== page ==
Welcome to a very special holiday edition of Top Five Tuesday! We’re extremely happy to start showing Rian Johnson’s marvelously entertaining whodunnit Knives Out tomorrow (with a special preview screening this evening!), and in celebration of this fact, we’re digging into the best murder yarns of years past, counting down…
THE TOP FIVE WHODUNNITS!
1. Maigret Sets a Trap - The Gift of Gabin
(Dir. Jean Delannoy | France/Italy | 1958)
Real ones know Maigret as a luminary of the detective genre over a series of unforgettable novels crafted by Georges Simenon, semi-real ones know Maigret from the 2016 TV movie wherein he’s played by Rowan Atkinson (that’s right, Mr. Bean trackin’ down a serial killer), but the realest of the real? The Mega-Maigrets? They know about Grand Illusion’s Jean Gabin inhabiting the part and providing no-frills, no-fuss satisfaction to the genre’s die-hards. If you’re a fan of whodunnits, you owe it to yourself to get’r’whodunn courtesy of this French classics!
2. Murder on the Orient Express - Come on, ride the train/and ride it
(Dir. Sidney Lumet | UK | 1974)
Of the titles contained here, this is the most analogous to what Knives Out has on offer (though Johnson makes his whodunnit modern instead of a period piece to remove our ability to plausibly deny its corollaries to the current moment) - a massive all-star cast (Albert Finney, Lauren Bacall, Jacqueline Bisset, Ingrid Bergman, Sean Connery, John Gielgud, Anthony Perkins, Vanessa Redgrave, and legitimately many more) confined largely to a single locale while a master detective solves a seemingly unsolvable murder with style to spare. I have no animus towards the 2017 edition (Kenneth Branagh goes big, and therefore needn’t go home!), but this is the defining version for my money (spoiler: I have very little!).
3. Identity - A slice of fried Mangold
(Dir. James Mangold | USA | 2003)
I'm loathe to give away much of the goings-on of Identity, other than to note that it has a formidable cast (Ray Liotta, John Cusack, Alfred Molina, John Hawkes, Rebecca De Mornay, Clea Duvall!), an eminently capable director (James Mangold of Cop Land, Walk the Line, and current release Ford v. Ferrari fame), and an utterly ludicrous method of recalibrating Agatha Christie’s And Then There Were None into a horror milieu. For those who like their plots preposterous, this is for you - in fact, it goes so far you might even consider it postposterous.
4. Green For Danger - Sim City
(Dir. Sidney Gilliant | UK | 1946)
The novel setting for this medical mystery is reason enough to suggest it - the action is largely confined to a rural English hospital during the Blitz in World War II - but it’s also devilishly entertaining, with Alastair Sim’s Detective Cockrill turning the screws on the medical staff that oversaw a death via foul play on their operating table. Cockrill goes so far as to recreate the events of the inciting action to draw the killer out, with Sim’s portrayal making him feel like an antecedent to Joanne the Scammer, a real messy bitch who lives for drama.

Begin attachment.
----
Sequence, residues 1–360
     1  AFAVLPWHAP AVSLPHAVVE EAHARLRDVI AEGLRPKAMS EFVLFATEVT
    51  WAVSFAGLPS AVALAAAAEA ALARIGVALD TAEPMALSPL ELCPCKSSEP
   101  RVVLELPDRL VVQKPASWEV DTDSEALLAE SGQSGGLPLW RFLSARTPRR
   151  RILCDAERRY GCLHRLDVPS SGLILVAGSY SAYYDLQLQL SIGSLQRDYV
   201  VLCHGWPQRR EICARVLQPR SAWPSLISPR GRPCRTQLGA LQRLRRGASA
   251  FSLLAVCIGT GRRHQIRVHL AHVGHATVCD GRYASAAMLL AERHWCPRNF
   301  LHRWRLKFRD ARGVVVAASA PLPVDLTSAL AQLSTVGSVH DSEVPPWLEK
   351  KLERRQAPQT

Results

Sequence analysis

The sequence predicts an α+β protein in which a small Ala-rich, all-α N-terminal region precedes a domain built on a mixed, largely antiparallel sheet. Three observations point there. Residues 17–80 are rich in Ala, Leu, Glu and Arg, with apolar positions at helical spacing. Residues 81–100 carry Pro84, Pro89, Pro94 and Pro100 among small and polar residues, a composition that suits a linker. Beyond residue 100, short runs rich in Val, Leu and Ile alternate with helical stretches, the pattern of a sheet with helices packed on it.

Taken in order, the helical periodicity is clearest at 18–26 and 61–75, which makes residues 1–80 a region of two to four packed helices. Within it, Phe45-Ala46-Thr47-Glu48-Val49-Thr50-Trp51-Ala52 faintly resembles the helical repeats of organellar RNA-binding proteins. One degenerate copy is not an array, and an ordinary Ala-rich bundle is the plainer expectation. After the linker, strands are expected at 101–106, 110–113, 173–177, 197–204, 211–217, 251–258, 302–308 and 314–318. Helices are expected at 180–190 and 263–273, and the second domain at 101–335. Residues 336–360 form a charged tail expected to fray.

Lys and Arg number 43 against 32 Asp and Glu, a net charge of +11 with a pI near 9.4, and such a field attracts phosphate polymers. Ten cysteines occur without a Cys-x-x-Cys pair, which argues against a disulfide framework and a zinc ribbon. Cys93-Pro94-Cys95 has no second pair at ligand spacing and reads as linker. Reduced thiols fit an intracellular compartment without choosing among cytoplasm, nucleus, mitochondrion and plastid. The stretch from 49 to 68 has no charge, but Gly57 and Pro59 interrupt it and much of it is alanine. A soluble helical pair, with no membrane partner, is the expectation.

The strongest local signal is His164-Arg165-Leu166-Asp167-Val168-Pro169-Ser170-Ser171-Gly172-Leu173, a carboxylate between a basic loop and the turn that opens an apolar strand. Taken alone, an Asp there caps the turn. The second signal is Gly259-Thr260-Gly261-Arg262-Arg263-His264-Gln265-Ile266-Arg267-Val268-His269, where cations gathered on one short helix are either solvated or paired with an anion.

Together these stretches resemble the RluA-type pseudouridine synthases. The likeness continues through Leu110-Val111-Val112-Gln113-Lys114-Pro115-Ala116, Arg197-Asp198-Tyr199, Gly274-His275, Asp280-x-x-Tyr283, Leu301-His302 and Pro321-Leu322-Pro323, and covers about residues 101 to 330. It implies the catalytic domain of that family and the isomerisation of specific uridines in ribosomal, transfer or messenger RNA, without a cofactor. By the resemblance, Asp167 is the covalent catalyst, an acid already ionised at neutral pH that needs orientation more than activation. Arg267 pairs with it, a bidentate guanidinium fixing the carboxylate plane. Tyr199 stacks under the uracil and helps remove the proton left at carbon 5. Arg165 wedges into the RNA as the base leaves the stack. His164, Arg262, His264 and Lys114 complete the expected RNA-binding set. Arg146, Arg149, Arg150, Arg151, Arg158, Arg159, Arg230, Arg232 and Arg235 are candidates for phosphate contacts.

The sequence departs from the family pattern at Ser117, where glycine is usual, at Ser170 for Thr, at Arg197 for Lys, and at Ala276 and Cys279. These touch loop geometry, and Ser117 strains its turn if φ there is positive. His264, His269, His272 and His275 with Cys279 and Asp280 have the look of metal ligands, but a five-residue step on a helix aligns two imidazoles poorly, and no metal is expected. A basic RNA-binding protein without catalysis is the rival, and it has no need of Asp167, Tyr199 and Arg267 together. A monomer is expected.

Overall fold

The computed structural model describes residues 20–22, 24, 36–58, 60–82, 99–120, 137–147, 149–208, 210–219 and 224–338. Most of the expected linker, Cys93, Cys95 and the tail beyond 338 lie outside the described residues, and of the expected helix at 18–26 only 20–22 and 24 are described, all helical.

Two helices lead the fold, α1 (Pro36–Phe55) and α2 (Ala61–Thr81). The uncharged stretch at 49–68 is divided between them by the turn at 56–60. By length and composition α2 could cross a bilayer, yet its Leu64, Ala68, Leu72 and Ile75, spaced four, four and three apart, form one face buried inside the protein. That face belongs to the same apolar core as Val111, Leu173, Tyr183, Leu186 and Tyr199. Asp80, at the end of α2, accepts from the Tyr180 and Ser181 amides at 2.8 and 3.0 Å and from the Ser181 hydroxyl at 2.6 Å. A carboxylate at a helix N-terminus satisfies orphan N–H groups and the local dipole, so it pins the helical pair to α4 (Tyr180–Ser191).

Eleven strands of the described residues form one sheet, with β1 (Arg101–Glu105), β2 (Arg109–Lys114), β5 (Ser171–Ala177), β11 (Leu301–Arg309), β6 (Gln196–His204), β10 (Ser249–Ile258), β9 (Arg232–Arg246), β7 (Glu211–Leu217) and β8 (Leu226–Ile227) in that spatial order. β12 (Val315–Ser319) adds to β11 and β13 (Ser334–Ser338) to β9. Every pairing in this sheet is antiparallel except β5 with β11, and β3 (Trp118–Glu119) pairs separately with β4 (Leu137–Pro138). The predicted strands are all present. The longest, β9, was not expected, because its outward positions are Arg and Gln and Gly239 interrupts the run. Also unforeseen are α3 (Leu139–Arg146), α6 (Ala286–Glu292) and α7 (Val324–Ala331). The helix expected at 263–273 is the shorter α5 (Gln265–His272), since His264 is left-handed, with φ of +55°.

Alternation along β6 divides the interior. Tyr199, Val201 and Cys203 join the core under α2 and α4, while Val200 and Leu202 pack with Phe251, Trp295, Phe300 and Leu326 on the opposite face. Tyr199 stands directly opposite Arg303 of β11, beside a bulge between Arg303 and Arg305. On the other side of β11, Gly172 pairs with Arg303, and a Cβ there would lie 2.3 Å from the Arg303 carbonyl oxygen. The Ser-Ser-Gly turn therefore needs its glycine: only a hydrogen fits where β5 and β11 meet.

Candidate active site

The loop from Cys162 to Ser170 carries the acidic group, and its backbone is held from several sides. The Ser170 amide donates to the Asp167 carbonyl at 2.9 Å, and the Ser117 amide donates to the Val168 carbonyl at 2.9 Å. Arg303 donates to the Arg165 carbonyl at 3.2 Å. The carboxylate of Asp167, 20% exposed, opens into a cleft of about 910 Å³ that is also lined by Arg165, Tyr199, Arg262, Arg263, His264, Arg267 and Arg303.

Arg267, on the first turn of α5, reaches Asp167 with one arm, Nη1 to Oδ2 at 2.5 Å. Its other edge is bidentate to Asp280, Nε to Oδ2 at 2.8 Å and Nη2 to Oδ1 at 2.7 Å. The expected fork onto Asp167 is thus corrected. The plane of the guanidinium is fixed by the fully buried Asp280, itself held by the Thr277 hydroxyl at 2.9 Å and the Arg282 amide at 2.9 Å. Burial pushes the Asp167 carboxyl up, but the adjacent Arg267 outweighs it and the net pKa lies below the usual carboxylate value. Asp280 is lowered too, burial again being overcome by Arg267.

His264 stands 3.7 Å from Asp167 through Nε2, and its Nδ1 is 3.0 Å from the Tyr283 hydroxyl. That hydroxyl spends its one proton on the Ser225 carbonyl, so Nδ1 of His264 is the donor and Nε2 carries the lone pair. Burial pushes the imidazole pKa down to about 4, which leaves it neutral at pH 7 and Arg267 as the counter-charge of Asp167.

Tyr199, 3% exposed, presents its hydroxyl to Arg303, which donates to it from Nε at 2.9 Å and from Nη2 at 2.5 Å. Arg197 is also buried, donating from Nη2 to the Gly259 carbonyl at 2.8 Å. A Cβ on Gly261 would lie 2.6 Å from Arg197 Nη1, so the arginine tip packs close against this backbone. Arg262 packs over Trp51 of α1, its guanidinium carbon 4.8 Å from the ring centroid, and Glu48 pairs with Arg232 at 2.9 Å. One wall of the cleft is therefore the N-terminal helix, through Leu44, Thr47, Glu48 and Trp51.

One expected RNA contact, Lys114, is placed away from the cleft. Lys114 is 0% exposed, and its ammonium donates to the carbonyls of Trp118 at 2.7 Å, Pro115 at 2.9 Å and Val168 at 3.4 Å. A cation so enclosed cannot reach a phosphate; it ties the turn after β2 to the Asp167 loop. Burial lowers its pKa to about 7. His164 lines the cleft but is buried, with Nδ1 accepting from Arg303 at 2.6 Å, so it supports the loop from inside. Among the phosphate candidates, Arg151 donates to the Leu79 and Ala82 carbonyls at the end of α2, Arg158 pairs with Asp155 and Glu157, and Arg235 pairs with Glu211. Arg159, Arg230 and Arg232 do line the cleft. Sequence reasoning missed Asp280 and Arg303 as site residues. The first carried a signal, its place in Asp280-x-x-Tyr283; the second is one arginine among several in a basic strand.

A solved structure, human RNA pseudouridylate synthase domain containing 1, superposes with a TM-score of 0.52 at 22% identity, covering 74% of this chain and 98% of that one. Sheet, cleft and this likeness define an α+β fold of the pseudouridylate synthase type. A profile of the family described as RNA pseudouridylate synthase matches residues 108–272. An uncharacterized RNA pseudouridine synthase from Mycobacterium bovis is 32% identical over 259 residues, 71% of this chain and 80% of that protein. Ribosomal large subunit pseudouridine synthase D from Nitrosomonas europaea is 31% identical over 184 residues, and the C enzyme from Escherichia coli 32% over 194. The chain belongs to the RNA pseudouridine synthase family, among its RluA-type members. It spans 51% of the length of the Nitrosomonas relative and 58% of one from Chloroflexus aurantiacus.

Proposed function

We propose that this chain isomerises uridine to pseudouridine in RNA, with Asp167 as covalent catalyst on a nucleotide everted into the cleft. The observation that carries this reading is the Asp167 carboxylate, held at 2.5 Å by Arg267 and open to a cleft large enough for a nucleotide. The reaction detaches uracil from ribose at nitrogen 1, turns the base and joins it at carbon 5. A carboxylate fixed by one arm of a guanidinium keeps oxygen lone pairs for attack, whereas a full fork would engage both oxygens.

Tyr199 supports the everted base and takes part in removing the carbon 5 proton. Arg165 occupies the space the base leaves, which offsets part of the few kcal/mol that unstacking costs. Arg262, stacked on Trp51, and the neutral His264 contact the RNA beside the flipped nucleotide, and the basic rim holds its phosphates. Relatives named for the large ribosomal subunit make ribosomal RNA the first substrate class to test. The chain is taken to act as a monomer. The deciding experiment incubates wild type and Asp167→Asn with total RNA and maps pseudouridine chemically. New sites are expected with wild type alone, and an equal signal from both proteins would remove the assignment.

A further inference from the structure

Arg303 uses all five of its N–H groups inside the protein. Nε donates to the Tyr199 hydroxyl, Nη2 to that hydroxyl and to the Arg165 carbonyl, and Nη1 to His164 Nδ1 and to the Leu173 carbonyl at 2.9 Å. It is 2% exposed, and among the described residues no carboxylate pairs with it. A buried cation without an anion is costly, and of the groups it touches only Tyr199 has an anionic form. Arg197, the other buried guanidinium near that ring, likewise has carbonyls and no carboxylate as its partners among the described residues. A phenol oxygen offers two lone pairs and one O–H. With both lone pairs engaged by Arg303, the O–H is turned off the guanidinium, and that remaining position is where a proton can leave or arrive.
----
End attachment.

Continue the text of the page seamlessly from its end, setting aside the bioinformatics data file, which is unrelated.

5. The Thin Man - Lose (Blood) Weight Fast!
(Dir. W.S. Van Dyke | USA | 1934)
You can’t go wrong with a single entry in the Thin Man series, but I’m starting with the initial entry for our purposes here because:
This is a NEXT LEVEL movie trailer, and
Julie Andrews imparted on me that the beginning is a very good place to start
Myrna Loy and William Powell have the kind of chemistry filmmakers spend lifetimes trying to capture, Skippy the dog is one of the all-time good boys of cinema (Asta should be presented with a posthumous Oscar as far as I’m concerned), and Dashiel Hammett’s source material provides ample ground for the boozy duo at its center to play around in. Treat yourself to one of the great cinematic series and give yourself a nice weekend to dig into the entire Thin oeuvre!
BONUS: Remember Last Night? - The Hangover Part Negative One
(Dir. James Whale | USA | 1935)
As a bonus (and equally booze-soaked) option, I want to point out James Whale’s screwball murder mystery Remember Last Night? It has one of the best hooks of any film (a group of drunken socialites party so hard that they literally can’t remember the previous evening where one of their own was murdered - it’s like a highbrow and more delightful version of The Hangover). However, I can’t rightfully include this in the list proper given from approximately 8:25-11:15 in the film there is a truly nauseating blackface sequence that lasts forever and ever. If you can make it past that (and there’s no reason why you should or need to!), there’s a very witty and solid whodunnit crafted by the incredible James Whale that has been relegated to the dustbin of cinematic history!